$$
\int_{t_{0}}^{\infty}\|\frac{\partial u}{\partial t}(t)\|_{Z}dt<\infty,\quad
\text{for some}\;t_{0}>0.
$$
Then, the omega-limit set $\omega(u_{0})$ of $u(t)$ is nonempty, it is
contained in $D(A)$ and it consists of steady state solutions of \eqref{int4}.
The proof is almost the same one as above. However, the existence of $h$ is
proved by application of Ascoli-Arzela's Theorem to the subset
$\{v_{n},n\geq 0\}$ of $C(]0,\infty[;\;Z)$ and the equicontinuity is
established in the same manner as the estimates of
$\| u(s+t)-u(t_{0}+t)\|_{Z}$ in the proof of Lemma \ref{lem3.1}(ii). \smallskip
Now we can apply Theorem \ref{thm3.4} to prove the convergence of solutions of
\eqref{eq2.5}.
Let
$$
\mathcal{K}_{0}=\{u\in Z, \; 0\leq u(x)\leq U_{0}(x)\}.
$$
\begin{theorem} \label{thm3.5}
Assume that (A1) and (A2) hold. Then, for any $u_{0}\in \mathcal{K}_{0}$,
there exists a unique steady state solution $\bar u$ of \eqref{eq4} such that
the solution $u(t)$ of \eqref{eq2.5} converges to $\bar u$ in $Z$.
\end{theorem}
\begin{proof}
Let $u_{0}\in \mathcal{K}_{0}$. $U(t,x)$ is then an upper-solution of
\eqref{eq2.5} and by the standard comparison Theorem, we have
$0\leq u(t,x)\leq U(t,x)$, for $t\geq 0$, and $x\in [0,l]$
(see \cite[Chap 3 Theorem 8]{Prot67}. As $U(t,x)$ is bounded then $u(t,x)$ is also
bounded and by Theorem \ref{thm3.4} we have that $\omega (u_{0})$ is nonempty and
consists of steady state solutions of \eqref{eq4}. Then, it follows from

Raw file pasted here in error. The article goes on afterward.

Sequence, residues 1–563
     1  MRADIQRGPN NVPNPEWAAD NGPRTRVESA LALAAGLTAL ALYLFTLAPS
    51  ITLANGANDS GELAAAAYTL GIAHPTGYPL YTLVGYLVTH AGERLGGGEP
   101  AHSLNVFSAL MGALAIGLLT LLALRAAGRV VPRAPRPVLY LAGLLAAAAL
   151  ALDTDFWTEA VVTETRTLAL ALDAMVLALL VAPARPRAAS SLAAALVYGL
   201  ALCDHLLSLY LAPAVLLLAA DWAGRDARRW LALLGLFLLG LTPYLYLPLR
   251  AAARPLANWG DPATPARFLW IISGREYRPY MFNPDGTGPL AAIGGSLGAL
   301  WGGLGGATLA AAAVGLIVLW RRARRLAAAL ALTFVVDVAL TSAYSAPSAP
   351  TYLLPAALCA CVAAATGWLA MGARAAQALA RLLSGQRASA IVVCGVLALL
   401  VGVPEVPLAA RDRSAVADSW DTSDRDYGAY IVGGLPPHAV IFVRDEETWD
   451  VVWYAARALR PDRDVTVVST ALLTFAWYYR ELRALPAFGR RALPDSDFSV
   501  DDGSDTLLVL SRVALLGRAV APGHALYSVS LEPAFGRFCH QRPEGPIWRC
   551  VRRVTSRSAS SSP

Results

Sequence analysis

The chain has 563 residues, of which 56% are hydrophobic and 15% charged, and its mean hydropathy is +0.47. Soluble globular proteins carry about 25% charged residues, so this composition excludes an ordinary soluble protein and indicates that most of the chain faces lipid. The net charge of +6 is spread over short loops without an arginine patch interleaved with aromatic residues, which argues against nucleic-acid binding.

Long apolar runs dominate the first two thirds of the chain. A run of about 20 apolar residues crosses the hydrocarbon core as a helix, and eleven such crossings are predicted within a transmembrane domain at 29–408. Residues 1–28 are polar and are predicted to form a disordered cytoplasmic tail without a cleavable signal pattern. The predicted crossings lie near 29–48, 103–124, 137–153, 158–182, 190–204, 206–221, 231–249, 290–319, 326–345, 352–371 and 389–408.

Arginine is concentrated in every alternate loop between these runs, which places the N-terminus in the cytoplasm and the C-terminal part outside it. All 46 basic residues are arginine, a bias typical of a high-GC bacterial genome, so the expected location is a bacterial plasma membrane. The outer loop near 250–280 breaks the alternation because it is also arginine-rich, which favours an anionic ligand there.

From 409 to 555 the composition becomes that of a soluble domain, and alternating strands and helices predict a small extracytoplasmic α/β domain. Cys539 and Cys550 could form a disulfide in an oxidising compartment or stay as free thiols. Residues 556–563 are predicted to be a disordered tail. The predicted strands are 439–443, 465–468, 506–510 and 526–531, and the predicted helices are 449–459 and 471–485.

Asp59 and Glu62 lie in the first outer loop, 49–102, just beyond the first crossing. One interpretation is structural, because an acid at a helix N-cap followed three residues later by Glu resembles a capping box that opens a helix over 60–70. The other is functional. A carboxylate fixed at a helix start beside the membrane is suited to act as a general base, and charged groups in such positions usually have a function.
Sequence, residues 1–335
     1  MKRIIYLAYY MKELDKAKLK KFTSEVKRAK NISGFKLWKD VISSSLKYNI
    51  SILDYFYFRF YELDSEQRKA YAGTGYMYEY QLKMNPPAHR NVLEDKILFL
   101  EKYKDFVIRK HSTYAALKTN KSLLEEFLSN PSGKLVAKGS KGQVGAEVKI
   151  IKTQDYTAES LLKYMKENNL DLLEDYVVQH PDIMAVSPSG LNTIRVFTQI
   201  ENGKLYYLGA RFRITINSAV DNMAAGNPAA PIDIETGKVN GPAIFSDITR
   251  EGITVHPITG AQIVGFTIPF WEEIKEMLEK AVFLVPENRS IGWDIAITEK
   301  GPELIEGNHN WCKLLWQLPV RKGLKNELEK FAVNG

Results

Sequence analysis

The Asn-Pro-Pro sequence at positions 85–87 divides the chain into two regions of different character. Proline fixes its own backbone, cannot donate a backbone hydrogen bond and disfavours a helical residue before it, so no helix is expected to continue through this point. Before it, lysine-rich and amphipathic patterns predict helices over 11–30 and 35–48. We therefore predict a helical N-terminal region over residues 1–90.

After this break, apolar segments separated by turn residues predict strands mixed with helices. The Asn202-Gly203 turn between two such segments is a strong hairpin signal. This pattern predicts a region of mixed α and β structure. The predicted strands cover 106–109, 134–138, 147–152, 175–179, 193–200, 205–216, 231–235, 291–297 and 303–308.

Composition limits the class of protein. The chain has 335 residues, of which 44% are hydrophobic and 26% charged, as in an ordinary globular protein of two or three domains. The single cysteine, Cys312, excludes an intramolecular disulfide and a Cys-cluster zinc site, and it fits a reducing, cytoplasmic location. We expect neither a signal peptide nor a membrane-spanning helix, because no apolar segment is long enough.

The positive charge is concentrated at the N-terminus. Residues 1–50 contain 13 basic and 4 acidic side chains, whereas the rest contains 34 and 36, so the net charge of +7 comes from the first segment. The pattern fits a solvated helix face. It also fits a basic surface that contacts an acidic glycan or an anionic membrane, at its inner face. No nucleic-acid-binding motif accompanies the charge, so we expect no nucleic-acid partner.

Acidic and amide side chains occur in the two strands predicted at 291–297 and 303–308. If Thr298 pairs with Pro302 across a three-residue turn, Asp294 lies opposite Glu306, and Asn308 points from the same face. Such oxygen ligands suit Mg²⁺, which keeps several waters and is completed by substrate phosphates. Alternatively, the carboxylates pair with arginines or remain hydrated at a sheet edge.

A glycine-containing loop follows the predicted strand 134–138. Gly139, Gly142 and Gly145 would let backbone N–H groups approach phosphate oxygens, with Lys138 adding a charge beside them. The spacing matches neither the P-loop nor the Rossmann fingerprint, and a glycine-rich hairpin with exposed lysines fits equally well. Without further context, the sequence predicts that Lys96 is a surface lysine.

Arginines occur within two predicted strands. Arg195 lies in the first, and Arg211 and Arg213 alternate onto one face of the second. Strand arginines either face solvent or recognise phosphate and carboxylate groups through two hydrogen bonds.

\cite[Theorem A]{Mat78} that $\omega(u_{0})$ contains exactly one steady
state solution (the proof in \cite{Mat78} can be easily extended to the
nonautonomous case since as in the autonomous case $\omega (u_{0})$
consists of solutions of autonomous ordinary differential equations).
\end{proof}
\subsection{The limiting equation}
Let
$$
\mathcal{K}_{M}=\left\{u\in Z,\; 0\leq u(x)\leq M\right\}\,.
$$
\begin{proposition} \label{prop3.6}
Assume that(A1) and (A2) hold. For any
$u_{0}\in\mathcal{K}_{M}$, the solution $u(t)$ of \eqref{eq4} remains in
$\mathcal{K}_{M}$ (i.e. for all $t\geq 0$, $u(t)\in\mathcal{K}_{M}$)
and there exists a unique steady state solution $\bar u$ of \eqref{eq4}
such that $u(t)$ converges to $\bar u$ in $Z$.
\end{proposition}
\begin{proof}
Let $h(w)=\mu(w)\vert M-w\vert$, for $w\in\mathbb{R}$ and
$w_{0}=\max(S_{\rm in},\;\| u_{0}\|_{Z}$). Assumption (A1) implies
$$
-\mu(w)(M-w)\leq h(w),\quad\forall\;w\in\mathbb{R}.
$$
Consider the solution $w(t)$ of the
ordinary differential equation
\begin{gather*}
\frac{dw}{dt}=h(w),\\
w(0)=w_{0}.
\end{gather*}
We deduce from the standard comparison theorem that
$$
0\leq u(t,x)\leq w(t)\leq M,\quad\text{for }t\geq 0 \;\text{and all }x\in[0,l].
$$
The convergence of $u(t)$ to steady state solution of \eqref{eq4} follows
from Theorem \ref{thm3.4} above and \cite[Theorem A]{Mat78}.
To apply Theorem \ref{thm3.4} to \eqref{eq4}, we have to consider the functional
$$
J_{1}(u)=\int_{0}^{l}\Big(\frac{d}{2}\big(\frac{\partial u}{\partial x}\big)^{2}
-\int_{0}^{u}F(x,w)dw\Big)dx +
\frac{q}{4}\left(u^{2}(0)+u^{2}(l)\right),
$$
where $F(x,w)=-(\frac{q^{2}}{4d}w+e^{-\alpha x}\mu(e^{\alpha x}w
+S_{\rm in})(X_{\rm in}-e^{\alpha x}w))$ for
$x\in [0,l]$ and $w\in\mathbb{R}$, instead of $J(t,u(t))$. Therefore,
$\frac{d}{dt}J_{1}(u(t))=-\int_{0}^{l}
\left(\frac{\partial u}{\partial t}\right)^{2}dx$
for solutions of the corresponding transformed equation \eqref{eq3.2}.
\end{proof}
\subsection*{Acknowledgments}
The author would like to express his gratitude to Professors C. Lobry,
M. T. Niane, A. Rapaport and F. Mazenc for their helpfull remarks
and suggestions.